A bill proposed by State Rep. Tony Scott would allow emergency personnel to treat and transport an injured law enforcement dog to a veterinary hospital if the ambulance isn’t needed for a human.

Currently EMS personnel in Connecticut are not required to treat and transport injured police dogs.

“While these dogs are not human, they are serving the community,” said Scott, who represents Easton, Monroe and Trumbull. “These dogs are doing things that police officers can’t do.”

The inspiration for the bill came from a Massachusetts law enacted last year first proposed as a bill by State Rep. Steve Xiarhos called Nero’s Law after the K9 partner of Yarmouth Police Sgt. Sean Gannon.

In April 2018, Gannon was shot and killed while serving a search warrant and his police dog, Nero, was also shot. Despite empty ambulances sitting at the scene, Nero had to be rushed to a veterinary hospital in a police cruiser because no law was in place to permit EMS to provide aid. Nero survived.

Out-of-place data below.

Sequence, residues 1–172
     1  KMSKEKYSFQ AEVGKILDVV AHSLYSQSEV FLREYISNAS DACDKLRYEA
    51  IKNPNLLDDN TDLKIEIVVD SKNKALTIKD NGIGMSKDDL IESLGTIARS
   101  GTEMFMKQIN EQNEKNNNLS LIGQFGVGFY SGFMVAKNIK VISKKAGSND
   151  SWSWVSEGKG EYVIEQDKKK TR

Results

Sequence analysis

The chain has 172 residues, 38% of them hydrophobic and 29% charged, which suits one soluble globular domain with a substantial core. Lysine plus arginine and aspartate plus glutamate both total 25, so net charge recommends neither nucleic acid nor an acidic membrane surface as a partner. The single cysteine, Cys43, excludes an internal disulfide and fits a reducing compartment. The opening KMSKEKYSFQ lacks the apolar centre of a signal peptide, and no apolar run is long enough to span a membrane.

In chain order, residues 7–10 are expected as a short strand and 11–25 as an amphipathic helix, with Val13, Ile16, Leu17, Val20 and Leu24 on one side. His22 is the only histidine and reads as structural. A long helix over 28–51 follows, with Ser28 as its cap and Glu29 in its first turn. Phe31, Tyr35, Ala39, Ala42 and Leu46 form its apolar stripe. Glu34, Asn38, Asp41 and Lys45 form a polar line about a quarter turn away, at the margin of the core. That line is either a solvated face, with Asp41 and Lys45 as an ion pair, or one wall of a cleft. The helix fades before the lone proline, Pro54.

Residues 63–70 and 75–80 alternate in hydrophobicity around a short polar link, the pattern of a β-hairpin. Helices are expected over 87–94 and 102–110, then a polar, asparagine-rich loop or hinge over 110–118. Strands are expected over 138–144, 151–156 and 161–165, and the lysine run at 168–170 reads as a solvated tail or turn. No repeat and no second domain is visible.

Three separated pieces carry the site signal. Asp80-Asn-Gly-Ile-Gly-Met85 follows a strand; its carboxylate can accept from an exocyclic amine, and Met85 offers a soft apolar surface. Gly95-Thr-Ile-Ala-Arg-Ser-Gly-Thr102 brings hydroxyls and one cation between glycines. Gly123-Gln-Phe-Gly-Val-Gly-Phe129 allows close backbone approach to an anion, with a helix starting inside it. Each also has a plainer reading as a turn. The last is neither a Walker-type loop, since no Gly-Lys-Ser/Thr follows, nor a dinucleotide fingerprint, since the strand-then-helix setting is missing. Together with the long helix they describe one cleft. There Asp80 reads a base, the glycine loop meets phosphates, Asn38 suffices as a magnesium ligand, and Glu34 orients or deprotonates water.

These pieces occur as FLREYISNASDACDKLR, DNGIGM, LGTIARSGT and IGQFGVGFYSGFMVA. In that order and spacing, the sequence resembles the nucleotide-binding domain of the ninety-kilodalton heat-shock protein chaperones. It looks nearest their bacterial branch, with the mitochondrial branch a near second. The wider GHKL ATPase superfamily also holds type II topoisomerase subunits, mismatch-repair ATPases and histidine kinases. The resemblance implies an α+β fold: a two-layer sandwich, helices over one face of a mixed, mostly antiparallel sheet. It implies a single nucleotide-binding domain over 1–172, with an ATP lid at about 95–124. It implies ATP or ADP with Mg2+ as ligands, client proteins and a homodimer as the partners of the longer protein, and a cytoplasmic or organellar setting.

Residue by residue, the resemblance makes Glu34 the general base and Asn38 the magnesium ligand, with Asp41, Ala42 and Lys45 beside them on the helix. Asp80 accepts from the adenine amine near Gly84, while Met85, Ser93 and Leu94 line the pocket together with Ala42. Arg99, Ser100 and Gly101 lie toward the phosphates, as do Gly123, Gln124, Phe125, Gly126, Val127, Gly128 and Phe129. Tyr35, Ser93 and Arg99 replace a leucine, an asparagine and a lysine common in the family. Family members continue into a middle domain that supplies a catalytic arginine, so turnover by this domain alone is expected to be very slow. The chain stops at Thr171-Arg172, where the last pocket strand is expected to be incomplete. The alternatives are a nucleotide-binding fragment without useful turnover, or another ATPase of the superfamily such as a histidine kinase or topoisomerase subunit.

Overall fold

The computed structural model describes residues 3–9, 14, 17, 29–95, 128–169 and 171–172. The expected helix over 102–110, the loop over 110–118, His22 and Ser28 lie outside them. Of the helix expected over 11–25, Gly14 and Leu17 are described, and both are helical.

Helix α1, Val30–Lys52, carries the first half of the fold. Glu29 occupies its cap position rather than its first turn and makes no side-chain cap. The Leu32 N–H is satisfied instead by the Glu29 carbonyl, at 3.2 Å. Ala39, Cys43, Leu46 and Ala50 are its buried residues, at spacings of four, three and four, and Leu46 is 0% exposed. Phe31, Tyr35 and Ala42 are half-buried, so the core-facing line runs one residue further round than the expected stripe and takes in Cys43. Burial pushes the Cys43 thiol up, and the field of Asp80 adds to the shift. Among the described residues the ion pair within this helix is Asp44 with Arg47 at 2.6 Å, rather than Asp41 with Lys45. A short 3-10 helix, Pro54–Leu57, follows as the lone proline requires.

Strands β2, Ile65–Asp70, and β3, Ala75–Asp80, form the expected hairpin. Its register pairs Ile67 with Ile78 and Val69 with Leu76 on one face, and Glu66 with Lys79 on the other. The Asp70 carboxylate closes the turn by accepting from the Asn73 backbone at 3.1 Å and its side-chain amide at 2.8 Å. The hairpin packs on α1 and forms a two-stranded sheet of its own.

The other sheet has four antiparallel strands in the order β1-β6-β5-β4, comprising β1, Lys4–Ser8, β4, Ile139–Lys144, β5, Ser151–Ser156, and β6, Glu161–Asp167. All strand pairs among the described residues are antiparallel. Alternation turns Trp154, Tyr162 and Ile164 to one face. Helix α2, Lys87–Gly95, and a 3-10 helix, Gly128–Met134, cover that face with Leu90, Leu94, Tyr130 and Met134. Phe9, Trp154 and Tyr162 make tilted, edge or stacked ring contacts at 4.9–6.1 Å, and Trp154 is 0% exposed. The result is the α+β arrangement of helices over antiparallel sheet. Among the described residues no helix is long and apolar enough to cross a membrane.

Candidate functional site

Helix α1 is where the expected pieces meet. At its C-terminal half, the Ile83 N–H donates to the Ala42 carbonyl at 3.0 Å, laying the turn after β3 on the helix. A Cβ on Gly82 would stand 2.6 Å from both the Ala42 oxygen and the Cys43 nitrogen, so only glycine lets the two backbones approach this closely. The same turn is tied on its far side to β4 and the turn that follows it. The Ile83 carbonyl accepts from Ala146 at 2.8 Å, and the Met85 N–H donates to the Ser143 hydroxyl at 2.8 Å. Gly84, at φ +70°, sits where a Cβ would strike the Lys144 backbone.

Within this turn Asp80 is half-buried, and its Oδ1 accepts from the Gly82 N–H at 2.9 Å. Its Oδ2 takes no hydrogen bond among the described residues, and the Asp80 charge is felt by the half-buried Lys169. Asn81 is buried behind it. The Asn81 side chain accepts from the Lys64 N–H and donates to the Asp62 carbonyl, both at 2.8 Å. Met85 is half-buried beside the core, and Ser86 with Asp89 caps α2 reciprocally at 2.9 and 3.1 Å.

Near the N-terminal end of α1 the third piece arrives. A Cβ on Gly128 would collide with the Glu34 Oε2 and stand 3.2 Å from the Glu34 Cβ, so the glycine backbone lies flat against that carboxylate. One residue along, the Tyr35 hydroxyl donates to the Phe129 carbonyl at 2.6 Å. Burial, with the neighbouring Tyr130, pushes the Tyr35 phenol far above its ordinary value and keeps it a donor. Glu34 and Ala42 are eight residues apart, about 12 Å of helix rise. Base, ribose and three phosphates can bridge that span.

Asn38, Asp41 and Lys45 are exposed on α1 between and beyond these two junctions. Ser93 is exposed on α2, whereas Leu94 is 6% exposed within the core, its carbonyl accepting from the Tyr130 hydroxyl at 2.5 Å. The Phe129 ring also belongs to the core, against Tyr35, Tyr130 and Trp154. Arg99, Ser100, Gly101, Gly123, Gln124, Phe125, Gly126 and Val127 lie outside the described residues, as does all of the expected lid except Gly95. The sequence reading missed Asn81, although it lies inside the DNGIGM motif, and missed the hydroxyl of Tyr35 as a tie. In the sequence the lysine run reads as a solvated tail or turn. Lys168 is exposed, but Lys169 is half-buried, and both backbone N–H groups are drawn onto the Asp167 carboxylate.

Scott said assisting people in need will always come first in emergency scenarios, but after EMS personnel have taken care of all of the human victims, they would be able to tend to any injured police dogs.

“It’s only if the scene is stable, meaning that there is no other need for EMS in terms of injured people,” said Scott. “If there is an injured victim, a police officer, or anyone else, [they are] to be treated first. Then the dog gets addressed after that. We prioritize people first so that will not change.”

Jon Arnold, the chief of Easton EMS, said ambulances carry oxygen masks for dogs, but his EMTs don’t know how to control bleeding on animals or handle poisoning. Arnold said if the bill becomes law then appropriate training would be needed.

“We have to be trained, and have a pre-arranged plan on what vet to transport the dog,” said Arnold.”

Scott said there would be additional training for EMS personnel to learn how to properly treat wounds and give CPR on injured animals. 

“Training EMS would be the next step after the bill gets passed,” he said.

 The Public Safety Committee must approve the bill by March 16 to proceed in the legislative process.

“All I’ve heard is unanimous support for it,” said Scott. “I think that carries a lot of weight.”

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